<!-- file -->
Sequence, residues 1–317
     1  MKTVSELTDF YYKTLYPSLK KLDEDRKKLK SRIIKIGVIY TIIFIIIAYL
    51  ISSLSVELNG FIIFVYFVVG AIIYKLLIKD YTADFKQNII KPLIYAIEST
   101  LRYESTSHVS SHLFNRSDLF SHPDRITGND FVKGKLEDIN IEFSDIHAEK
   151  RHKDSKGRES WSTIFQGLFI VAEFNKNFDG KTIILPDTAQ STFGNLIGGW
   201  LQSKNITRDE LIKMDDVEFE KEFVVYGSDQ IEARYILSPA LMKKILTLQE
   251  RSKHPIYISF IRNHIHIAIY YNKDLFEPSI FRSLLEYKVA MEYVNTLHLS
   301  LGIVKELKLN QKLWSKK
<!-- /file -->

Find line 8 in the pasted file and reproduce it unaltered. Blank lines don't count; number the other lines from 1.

   301  LGIVKELKLN QKLWSKK